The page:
Very recently, 3GPP announced that 5G Release 17 was finalized. One important consequence is that 5G RedCap (reduced capacity) is now real and that means 5G becomes accessible to IoT devices. Think smart wearables (e.g. watches), industrial sensors and surveillance devices. “So what?”, you protest. “I don’t need 5G on my watch. It can link to my phone over Bluetooth and let the phone handle 5G communication.” Yes it can, but have you ever wondered why you always need your phone to use your watch?
That seems like a half-step to convenience, a nice light device on your wrist tethered to an increasingly bulky device in your pocket. When you’re jogging, hiking, working out, wouldn’t it be nice to only need the watch? Industrial sensors and surveillance devices rely more on Wi-Fi for communication but what if the Wi-Fi isn’t very good, or non-existent? Is it time to cut the cord and let these devices talk directly to the cellular network?
The real growth in 5G
The smartphone market is already slowing according to multiple surveys. 5G may generate a boost in support of mobile gaming and high-quality streaming but still the heady growth of early years seems unlikely to re-emerge. That’s why IoT applications have become so interesting. The total available market is not bounded by human users, only by applications. Millions of smart parking meters, moisture sensors in field, bridge stress sensors, power grid sensors, etc, etc. Analysts estimate 1.24 billion M2M non-handset devices shipping in 2027. Smart watch volume estimates show up to 230 million units by 2026, making them an encouraging consumer option to pick up from declining volumes in smart phones. There doesn’t seem to be a killer app here. Volumes are projected to be roughly divided between public sector infrastructure, smart metering, consumer electronics, intelligent buildings, security, retail and commerce, healthcare and transport and logistics.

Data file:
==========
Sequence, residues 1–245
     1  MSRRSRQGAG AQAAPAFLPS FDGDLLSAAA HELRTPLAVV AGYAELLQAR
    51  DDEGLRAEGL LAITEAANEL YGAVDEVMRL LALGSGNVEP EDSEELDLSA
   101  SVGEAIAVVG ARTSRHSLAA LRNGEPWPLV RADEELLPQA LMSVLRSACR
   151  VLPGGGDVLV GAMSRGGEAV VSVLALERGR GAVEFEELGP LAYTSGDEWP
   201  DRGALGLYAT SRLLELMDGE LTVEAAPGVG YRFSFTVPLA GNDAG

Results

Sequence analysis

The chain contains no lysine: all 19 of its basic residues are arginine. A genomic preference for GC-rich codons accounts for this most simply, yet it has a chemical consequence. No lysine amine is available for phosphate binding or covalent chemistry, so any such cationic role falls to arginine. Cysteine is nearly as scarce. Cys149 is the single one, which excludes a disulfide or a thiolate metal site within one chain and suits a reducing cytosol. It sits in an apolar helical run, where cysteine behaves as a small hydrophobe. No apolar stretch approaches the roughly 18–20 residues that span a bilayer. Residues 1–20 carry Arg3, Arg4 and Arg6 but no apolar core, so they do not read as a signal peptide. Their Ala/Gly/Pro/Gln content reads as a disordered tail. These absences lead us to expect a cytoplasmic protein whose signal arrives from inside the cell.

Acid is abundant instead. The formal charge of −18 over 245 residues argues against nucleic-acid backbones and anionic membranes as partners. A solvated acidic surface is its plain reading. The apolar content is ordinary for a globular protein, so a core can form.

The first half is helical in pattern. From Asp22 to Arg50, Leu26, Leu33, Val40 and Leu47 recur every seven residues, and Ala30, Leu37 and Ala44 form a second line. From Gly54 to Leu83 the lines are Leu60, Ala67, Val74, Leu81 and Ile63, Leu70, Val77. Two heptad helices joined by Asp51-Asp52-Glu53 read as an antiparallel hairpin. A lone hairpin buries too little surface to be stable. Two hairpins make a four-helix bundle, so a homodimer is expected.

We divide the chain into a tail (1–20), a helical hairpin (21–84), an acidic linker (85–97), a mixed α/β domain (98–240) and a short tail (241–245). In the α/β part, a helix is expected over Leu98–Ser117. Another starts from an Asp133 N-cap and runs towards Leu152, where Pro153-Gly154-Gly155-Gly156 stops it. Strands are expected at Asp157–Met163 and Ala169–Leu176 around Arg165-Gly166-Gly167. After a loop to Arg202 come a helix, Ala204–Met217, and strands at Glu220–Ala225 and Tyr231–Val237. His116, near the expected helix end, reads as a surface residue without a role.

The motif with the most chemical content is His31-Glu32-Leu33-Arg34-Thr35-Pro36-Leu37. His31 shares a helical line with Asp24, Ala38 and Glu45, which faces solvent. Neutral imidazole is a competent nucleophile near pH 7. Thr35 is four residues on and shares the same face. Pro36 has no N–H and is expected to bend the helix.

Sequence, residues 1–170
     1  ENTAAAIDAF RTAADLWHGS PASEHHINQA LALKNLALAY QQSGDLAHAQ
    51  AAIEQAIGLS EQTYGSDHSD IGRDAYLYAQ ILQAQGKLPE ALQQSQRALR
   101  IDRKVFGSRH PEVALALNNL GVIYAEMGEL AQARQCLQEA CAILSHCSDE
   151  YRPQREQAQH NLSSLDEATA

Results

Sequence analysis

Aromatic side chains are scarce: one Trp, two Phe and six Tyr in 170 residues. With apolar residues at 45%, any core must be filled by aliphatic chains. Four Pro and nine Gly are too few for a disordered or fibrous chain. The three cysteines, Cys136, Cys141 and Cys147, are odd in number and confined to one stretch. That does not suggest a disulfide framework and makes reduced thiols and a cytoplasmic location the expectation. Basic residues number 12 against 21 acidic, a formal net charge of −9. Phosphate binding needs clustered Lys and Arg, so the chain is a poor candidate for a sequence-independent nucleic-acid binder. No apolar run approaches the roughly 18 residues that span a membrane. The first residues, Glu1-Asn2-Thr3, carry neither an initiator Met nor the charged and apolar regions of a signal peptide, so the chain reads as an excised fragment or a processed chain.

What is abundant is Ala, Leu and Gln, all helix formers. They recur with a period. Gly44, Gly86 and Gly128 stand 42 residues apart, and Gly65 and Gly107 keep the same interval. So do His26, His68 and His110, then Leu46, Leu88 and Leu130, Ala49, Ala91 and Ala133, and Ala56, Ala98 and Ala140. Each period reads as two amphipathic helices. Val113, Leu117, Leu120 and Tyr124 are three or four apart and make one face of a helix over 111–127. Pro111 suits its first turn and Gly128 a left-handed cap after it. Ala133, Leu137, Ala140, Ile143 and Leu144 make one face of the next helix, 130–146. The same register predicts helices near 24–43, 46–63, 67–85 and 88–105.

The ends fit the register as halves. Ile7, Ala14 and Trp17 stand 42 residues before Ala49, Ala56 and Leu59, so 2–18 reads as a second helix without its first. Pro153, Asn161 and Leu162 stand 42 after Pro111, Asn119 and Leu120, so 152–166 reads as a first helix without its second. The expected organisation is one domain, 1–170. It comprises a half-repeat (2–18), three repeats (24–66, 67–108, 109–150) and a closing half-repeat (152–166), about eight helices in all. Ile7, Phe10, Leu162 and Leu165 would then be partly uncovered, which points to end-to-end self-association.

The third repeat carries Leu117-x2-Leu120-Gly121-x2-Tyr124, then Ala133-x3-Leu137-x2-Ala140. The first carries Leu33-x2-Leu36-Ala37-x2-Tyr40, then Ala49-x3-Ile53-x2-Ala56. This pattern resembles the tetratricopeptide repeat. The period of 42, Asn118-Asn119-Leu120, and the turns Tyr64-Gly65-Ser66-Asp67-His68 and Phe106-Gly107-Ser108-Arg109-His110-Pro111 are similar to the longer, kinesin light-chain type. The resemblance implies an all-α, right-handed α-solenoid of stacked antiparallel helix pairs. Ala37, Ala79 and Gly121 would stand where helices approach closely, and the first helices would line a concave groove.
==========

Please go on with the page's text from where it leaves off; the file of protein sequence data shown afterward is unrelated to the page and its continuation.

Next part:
What underlines the strength of this opportunity is that 5G infrastructure build-out is already underway. Not as fast as we’d like, and it may be a financial challenge for the mobile network providers but coming. There has been talk of expanding the reach of Bluetooth (mesh networks) and Wi-Fi (Wi-Fi 6). Technologically these are possible, but someone must pay for building wide coverage infrastructure. Which seems unlikely given existing investment in 5G infrastructure. Moreover, it’s difficult to beat cellular reach for remote applications – agriculture, highways, power grids, etc.. 5G RedCap is increasingly looking like the best fit for IoT communication.
PentaG2-Lite Well Positioned to Help
As the only 5G NR IP platform on the market, CEVA’s PentaG2 is compelling solution for those needing an embedded solution to meet cost and power goals. This will particularly be true for IoT builders who are likely to see a good fit in the PentaG2-Lite version. This IP offers a wide range of accelerators for modem and other functions. First product shipments probably will appear 2025, but that date requires builders to start planning now. CEVA offers an integrated SystemC simulation environment for architects in support of that early design.
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